DNS Blacklist scanning is currently, in my opinion, the most powerful form of spam prevention that is included free with Domino. The difficulty is choosing which lists to scan, primarily for two reasons: performance and false positives.
Performance: At one point I was scanning 10 different lists in response to the ever-increasing volume of incoming spam. Although the desired effect was adequately achieved, the price was a delay in all incoming mail, since Domino had to scan all 10 lists on legitimate messages before delivering them. This issue was relieved somewhat when I pulled statistics on how many messages were being blocked by each list and resorted them to be scanned in order of likelihood of a match. Of the nearly 14,000 messages our servers now block every day, approximately 11,000 are blocked by a hit from sbl-xbl.spamhaus.org, so the server's work is done after scanning a single list for the majority of incoming messages. But on approximately one million spam messages annually, the server still has to query up to six more lists before it decides to block the message.
False Positives: When scanning any blacklist, you put yourself at the mercy of its owner. A quick way to incur management's ire is to sever the connection between local operations and a contract manufacturer by scanning a blacklist whose owner suddenly gets carried away and decides to block all of China. The performance issue associated with scanning numerous lists can be mitigated somewhat by scanning fewer but more aggressive lists, but the rate of false positives will spike, and I think most of us would agree that receiving the occasional nuisance message is preferable to rejecting a message that could mean the difference between closing and losing a multi-million dollar deal.
Domino Administrator Help states, "Any host that is authorized to relay is exempt from blacklist checks." Herein lies a powerful option. For most organizations, it isn't a viable approach to switch from blacklisting to whitelisting, which is defined as only accepting connections from a server that's already on the list -- or treating your SMTP server like a trendy nightclub. However, unless addition of valid senders to the list is automated -- which often introduces new risks of spammer exploitation and/or has a hefty price tag attached to it -- maintaining it can be a full-time job.
The majority of our contacts are not on any blacklist and should not have to be specifically listed before they are allowed to e-mail us. This may or may not be true of your organization depending on your industry and the geographical location of other organizations with which you conduct business. Because Domino allows us to combine the two lists, we can block messages if the sender is blacklisted, but not if we've also whitelisted them.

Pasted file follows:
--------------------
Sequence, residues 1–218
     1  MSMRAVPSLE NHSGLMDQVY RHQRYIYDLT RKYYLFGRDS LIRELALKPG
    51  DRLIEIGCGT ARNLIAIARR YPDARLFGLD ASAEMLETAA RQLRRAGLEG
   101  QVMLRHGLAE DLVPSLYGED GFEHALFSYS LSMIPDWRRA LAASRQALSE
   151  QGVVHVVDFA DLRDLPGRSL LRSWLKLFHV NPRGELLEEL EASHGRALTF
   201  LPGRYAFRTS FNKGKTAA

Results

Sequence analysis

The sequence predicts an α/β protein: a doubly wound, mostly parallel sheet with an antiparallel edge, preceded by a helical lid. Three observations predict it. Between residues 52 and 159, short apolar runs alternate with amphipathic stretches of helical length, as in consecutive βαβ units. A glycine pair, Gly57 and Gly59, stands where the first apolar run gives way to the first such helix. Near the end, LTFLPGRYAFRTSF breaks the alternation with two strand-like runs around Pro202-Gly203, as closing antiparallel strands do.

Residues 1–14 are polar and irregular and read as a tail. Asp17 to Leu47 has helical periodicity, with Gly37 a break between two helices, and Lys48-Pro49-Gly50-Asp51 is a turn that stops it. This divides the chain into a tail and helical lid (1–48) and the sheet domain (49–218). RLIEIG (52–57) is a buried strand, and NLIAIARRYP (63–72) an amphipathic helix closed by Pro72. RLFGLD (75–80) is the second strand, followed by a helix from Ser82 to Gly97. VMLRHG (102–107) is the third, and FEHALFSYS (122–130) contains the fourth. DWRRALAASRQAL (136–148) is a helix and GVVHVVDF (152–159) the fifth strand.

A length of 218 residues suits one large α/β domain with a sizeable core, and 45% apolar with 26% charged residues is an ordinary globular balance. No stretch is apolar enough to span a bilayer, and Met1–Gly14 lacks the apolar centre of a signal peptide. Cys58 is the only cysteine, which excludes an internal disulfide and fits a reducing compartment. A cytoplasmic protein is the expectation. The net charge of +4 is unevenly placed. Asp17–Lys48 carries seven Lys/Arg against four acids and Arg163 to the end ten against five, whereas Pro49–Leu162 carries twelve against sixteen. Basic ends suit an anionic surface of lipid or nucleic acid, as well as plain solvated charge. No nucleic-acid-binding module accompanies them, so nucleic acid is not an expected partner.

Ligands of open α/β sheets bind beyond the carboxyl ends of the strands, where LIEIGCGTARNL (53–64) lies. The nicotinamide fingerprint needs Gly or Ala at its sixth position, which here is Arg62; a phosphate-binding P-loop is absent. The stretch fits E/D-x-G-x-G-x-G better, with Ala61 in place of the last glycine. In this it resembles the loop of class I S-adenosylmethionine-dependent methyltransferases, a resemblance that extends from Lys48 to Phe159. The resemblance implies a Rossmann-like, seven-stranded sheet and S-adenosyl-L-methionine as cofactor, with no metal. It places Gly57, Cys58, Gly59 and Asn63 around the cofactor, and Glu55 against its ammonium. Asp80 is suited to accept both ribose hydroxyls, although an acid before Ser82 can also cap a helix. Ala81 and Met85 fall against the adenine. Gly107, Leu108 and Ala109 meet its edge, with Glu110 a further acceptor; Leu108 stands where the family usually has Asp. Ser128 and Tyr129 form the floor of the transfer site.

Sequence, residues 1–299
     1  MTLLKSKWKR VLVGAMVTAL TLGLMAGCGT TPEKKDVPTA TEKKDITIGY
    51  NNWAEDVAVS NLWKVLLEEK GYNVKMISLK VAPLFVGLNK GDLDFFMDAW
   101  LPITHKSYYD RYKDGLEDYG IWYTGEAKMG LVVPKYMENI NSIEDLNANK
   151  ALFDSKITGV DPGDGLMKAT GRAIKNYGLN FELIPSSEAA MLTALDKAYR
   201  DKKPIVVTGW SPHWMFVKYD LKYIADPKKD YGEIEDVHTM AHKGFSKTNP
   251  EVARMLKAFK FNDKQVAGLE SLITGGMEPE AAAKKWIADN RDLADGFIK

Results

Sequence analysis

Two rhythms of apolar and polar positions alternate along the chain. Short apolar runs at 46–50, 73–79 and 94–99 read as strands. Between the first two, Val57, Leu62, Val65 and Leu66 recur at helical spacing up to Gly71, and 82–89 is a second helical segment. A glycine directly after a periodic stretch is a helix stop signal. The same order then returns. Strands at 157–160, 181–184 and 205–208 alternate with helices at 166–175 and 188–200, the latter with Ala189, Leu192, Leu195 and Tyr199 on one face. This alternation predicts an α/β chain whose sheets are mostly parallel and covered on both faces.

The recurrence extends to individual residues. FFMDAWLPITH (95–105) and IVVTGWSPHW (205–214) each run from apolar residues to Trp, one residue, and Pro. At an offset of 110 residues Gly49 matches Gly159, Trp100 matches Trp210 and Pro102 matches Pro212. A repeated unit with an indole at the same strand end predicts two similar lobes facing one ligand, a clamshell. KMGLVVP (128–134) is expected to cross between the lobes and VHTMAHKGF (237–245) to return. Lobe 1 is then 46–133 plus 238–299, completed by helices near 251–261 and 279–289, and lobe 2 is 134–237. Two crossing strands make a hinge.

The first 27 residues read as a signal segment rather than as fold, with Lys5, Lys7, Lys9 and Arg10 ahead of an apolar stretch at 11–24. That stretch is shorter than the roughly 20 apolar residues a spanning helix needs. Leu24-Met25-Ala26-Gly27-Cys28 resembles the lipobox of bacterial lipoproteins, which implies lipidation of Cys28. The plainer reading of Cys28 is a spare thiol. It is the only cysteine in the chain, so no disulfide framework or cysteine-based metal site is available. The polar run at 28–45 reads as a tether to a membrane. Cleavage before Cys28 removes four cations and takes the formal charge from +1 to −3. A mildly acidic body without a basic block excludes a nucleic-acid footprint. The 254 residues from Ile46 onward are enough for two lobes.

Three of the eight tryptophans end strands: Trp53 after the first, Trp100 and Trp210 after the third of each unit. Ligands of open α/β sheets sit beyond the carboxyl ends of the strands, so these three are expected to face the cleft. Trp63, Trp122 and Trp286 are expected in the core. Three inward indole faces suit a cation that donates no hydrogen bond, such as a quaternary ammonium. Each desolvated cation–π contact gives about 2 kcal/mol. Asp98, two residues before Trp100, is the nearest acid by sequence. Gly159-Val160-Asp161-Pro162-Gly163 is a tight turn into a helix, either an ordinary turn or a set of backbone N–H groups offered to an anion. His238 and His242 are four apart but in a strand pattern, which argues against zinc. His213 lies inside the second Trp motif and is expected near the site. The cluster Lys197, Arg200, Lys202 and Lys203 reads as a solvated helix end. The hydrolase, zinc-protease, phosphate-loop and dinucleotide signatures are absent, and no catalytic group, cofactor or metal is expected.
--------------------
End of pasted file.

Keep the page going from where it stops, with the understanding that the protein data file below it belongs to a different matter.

So here's three steps I now use to approach spam prevention:
1. I've updated the custom SMTP response to rejected messages, specifying our IT hotline number and instructing senders to call us to report delivery failures. At first I was a bit nervous about providing department contact information to spammers, but then I remembered that spammers don't actually read delivery failures. If an actual human sees that number, he or she is most likely someone we want to be able to find us.
2. I've replaced a couple of the safe but relatively ineffective blacklists with slightly more aggressive lists. I don't, however, advocate going overboard and blocking a list like BLARSBL or JAMMDNSBL.
3. When the inevitable occasional false positive is encountered, I query the list that is blocking the sender's IP address. If it turns out they're blocked because they're an open relay, I request that they resolve the issue and get de-listed. However, if they're being considered "guilty by association" -- blocked because other users of their ISP have misbehaved and the entire netblock is now listed -- I add their IP to the list of hosts allowed to relay. This signals Domino to skip blacklist scanning for any messages from them.
Ever since implementing this combination, we receive very little spam. At first, we were averaging approximately one false positive a week. That's dwindled to one every month or two, because any of our existing contacts that are on blacklists have already been added to our exception list. We now only have to update the list when we begin dealing with a new customer or vendor -- and only if they're on a blacklist that we scan -- or if an organization we have already been dealing with suddenly gets listed.
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This was first published in July 2005